A government task force is preparing legislation that would pressure companies such as Facebook and Google to enable law enforcement officials to intercept online communications as they occur, according to current and former U.S. officials familiar with the effort.
Driven by FBI concerns that it is unable to tap the Internet communications of terrorists and other criminals, the task force’s proposal would penalize companies that failed to heed wiretap orders — court authorizations for the government to intercept suspects’ communications.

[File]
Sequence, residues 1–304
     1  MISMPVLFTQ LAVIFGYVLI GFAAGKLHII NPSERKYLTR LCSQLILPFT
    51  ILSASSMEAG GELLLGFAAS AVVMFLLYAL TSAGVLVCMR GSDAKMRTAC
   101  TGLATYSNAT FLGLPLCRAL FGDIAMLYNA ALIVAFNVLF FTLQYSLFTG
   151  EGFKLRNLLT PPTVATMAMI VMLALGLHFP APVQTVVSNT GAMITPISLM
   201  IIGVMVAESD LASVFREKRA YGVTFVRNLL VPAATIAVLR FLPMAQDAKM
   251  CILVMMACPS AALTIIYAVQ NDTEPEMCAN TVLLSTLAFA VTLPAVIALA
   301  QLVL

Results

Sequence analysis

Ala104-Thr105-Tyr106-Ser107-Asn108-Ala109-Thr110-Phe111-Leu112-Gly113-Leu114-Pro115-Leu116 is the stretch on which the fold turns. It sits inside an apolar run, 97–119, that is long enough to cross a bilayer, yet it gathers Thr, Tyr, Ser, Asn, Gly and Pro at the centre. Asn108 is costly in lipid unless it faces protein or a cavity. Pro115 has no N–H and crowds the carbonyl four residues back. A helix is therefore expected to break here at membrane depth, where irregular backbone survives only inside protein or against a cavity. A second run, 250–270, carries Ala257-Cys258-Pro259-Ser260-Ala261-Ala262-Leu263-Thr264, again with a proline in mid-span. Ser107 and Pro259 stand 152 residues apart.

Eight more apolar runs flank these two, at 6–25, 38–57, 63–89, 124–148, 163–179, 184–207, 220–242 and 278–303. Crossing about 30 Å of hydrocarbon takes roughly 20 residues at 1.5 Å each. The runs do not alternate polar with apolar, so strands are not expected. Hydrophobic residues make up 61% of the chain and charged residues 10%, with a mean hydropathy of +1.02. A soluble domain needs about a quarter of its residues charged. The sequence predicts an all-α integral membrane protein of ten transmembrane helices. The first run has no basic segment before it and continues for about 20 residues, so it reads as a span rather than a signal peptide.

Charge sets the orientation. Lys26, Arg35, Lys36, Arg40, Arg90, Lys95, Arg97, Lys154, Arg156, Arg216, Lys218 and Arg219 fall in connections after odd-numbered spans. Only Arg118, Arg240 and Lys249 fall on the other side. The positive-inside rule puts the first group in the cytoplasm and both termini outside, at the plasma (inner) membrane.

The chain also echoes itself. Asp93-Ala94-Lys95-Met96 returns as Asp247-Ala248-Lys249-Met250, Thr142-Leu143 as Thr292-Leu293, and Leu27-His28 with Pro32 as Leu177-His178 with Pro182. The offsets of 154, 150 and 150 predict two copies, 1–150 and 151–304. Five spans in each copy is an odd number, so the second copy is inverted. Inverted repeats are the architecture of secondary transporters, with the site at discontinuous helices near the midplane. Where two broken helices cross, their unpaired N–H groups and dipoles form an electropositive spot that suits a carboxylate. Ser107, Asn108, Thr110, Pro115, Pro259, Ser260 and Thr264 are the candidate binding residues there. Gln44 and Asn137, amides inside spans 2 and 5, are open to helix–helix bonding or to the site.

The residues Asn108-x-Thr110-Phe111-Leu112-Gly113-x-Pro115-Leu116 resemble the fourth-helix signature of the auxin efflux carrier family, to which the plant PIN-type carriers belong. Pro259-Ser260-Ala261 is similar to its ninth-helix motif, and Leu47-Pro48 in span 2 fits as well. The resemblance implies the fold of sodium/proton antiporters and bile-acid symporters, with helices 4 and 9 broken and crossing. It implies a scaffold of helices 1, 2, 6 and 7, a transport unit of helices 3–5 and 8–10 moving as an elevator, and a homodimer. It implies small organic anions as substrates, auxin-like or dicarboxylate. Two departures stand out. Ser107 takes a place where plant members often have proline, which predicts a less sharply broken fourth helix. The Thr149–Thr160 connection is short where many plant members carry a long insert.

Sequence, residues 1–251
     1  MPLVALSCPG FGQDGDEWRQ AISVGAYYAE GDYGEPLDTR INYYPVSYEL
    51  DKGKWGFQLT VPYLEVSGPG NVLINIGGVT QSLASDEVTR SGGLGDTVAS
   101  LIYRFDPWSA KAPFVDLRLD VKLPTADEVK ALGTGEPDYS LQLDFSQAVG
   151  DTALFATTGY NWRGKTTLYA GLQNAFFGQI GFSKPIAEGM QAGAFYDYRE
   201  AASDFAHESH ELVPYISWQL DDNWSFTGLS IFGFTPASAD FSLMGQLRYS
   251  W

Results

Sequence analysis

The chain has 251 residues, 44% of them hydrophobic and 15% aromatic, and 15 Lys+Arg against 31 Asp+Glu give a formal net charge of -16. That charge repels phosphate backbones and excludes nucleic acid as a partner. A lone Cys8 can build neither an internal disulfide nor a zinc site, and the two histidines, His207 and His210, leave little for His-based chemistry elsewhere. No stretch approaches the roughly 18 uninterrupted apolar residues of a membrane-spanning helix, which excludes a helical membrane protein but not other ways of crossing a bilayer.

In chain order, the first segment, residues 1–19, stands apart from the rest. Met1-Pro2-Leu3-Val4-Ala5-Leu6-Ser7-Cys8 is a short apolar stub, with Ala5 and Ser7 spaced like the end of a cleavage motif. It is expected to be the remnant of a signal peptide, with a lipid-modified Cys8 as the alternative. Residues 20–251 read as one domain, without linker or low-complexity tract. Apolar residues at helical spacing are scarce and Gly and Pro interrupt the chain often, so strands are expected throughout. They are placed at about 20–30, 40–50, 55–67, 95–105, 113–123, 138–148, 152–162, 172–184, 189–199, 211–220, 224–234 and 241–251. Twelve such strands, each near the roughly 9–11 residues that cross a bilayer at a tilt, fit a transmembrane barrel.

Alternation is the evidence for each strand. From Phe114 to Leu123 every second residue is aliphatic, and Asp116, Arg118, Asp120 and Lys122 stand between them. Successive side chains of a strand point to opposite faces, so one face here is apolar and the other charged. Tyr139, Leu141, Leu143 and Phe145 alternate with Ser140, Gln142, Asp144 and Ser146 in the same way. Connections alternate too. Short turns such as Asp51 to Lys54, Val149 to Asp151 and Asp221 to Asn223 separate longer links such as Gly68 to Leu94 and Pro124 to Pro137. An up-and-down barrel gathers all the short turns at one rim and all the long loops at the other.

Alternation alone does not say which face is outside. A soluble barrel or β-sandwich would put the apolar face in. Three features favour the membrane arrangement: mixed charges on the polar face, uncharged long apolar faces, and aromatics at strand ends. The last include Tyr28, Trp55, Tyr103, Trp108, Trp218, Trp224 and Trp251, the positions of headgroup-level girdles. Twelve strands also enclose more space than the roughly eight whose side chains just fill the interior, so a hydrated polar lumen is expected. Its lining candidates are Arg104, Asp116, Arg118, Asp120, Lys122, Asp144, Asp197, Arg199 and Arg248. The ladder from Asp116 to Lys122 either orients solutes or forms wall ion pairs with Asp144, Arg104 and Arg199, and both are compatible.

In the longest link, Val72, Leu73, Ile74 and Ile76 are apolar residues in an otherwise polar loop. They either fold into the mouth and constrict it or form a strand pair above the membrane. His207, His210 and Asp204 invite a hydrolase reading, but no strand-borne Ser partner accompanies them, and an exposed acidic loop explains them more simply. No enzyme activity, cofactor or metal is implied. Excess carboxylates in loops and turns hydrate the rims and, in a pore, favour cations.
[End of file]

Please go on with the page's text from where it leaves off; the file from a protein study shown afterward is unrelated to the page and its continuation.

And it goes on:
Rather than antagonizing companies whose cooperation they need, federal officials typically back off when a company is resistant, industry and former officials said. But law enforcement officials say the cloak drawn on suspects’ online activities — what the FBI calls the “going dark” problem — means that critical evidence can be missed.
“The importance to us is pretty clear,” Andrew Weissmann, the FBI’s general counsel, said last month at an American Bar Association discussion on legal challenges posed by new technologies. “We don’t have the ability to go to court and say, ‘We need a court order to effectuate the intercept.’ Other countries have that. Most people assume that’s what you’re getting when you go to a court.”